the armpit of usability

20 September 2008, 11:27

I remember it clearly, it was during the first world usability day in Berlin, during a lecture by Jochen Prümper on productivity and SAP. He was talking about the relationship between verticality and usability. Suddenly, years of project experience and analysing software products gelled.

down the ramp

The graph below shows how the average level of usability ramps down to zero, depending on how vertical the market of a certain type of software is:

Software gets more specialised as we move from left to right:

intended to be used by everybody. e.g. desktop environments; web browsers; email, chat and call software. Office applications live on the border with the specialised category, with inherently lower usability.
not general‐purpose but still used by many in many different situations. e.g. graphics, drawing, charting, outlining, presentation and project management software.
focussed on supporting one profession or hobby only. e.g. CAD, accounting, simulation, audio/video production, genealogy software.
made‐to‐order software: projects instead of products. Includes custom implementations of software products (SAP et al). Both the number of users and developers can range from singles to thousands.

‘I am doing just fine…’

What is remarkable is that this usability ramp is matched by an identical average willingness to work with interaction design and usability professionals:

cause and effect

I am convinced that the primary driver of the usability ramp is contact between users and developers: the more vertical the software, the more direct the contact between them.

There may still be a layer of (project/product) managers or functional analysts between these two groups. But the more vertical the software, the more tempting it is for these folks to wash their hands of user requests and pass them on directly to developers. The customer asks—and pays—for it, no?

mind the void

Because users are living inside the software they use, for them innovation seems to consists of yesterday’s software—like it has always been—with some new features added. A lack of real innovation combined with feature‐bloat equals destroying the little usability that was there to begin with.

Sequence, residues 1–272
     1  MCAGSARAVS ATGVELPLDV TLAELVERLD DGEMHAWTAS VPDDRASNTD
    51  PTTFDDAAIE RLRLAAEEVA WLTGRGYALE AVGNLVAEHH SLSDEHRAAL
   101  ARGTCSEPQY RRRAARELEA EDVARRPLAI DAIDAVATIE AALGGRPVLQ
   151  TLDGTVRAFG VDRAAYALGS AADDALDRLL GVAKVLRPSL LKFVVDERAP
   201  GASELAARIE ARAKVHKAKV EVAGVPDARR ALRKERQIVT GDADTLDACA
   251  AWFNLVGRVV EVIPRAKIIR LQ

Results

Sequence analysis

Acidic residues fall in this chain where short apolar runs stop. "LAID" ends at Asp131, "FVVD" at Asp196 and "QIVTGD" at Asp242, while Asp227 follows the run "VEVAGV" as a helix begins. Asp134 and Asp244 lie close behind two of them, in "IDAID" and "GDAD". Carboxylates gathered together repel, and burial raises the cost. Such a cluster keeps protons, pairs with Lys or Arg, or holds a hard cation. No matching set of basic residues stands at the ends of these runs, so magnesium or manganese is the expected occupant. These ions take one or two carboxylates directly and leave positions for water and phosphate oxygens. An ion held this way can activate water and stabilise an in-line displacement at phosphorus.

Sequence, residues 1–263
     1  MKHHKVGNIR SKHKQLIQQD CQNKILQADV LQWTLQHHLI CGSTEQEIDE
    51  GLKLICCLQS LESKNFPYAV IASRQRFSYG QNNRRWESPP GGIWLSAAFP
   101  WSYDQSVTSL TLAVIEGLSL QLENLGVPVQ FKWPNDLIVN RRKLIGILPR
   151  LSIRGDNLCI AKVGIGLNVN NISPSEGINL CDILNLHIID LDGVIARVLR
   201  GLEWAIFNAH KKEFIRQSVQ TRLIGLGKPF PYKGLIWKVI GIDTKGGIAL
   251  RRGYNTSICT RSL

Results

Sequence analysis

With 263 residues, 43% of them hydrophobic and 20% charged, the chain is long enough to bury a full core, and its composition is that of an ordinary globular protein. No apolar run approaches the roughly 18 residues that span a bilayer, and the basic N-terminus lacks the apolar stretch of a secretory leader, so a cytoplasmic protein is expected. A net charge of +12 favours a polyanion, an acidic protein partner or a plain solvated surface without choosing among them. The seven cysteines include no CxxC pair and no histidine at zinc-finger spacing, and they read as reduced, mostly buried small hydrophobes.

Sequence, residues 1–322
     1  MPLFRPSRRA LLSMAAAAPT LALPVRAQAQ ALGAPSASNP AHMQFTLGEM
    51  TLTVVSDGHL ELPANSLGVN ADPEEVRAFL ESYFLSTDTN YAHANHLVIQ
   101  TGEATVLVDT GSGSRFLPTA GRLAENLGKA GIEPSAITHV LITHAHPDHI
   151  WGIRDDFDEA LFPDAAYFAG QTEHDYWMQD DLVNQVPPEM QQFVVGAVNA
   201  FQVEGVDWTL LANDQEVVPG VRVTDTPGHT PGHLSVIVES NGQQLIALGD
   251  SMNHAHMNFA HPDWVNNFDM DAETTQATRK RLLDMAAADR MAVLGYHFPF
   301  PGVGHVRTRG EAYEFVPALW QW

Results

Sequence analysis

So the more vertical the software, the more its development is driven by reacting to what users ask for (features!) and fear of changing ‘like it has always been’ through innovation. And that ramps usability to zero.

splendid isolation

At the general end of the ramp the relative isolation of the developers forces that they have to think more systematically about their UI, which is beneficial to usability. Still these developers make all the classical mistakes—like imagining themselves to be typical users—which limits severely the maximum of usability that can be reached.

Everywhere along the ramp the exceptional occurrence of good usability raise the average. These exceptional specimens have ignored what users asked for and instead given them what they really needed. They have innovated their UI beyond ‘like it has always been’ and not fallen into the ‘people are used to outlook’ trap.

The quickest and cheapest way to get there is to integrate interaction and usability professionals in your development processes. But…

‘I said: I am doing just fine, really…’

…then there is the work‐with‐pros ramp, which I have used since its invention to quickly estimate if a company will really go ahead to improve their usability, or are just talking the talk. It holds up pretty well up to now.

At vertical‐software companies, the domain knowledge they took the years to gather about their niche markets is considered a barrier to entrance to interaction and usability professionals: how on earth could we help them? I have given up on trying to explain that we are highly experienced in getting tuned in in a matter of days into the activity of their customers, in dimensions these companies did not know existed.


When it comes to bespoke software, it is very simple: unless the customer insists on interaction/usability pros on the project and is prepared to pay in full for them (including a nice mark‑up for the software company), it is not going to happen. Any other interaction/usability set‑up is a direct threat to the bottom‐line of software companies and their room to fudge/negotiate a project into a ‘finished’ state.

Looking at both ramps—seeing rotten usability and slim chances of that changing at the sharp end of the wedge—I have dubbed vertical‐market and bespoke software to be the armpit of usability:

the implications for open source

Open source software has a reputation for especially bad usability. I say: it is not that much worse. From my lofty position there is not that much difference between awful (commercial) and goddamn awful (open source) usability. Both decimate our productivity and daily joy‑of‑use.

I see open source tracking the usability ramp of commercial software, starting off lower at the general end. By the time commercial software slides into bespoke territory, open source does not fare worse:

The difference is that because of the community character of open source, developers are more in direct contact with users than their equivalent commercial developers. This makes open source developers work more ‘vertically’ than they have to, at the cost of usability.

a win‐win situation

In the future usability ramp and work‐with‐pros ramp will multiply to cause a quadratic effect for the former: at the general end, interaction and usability professionals will steadily improve average usability, while the armpit of usability will be as miserable a place as it is today.

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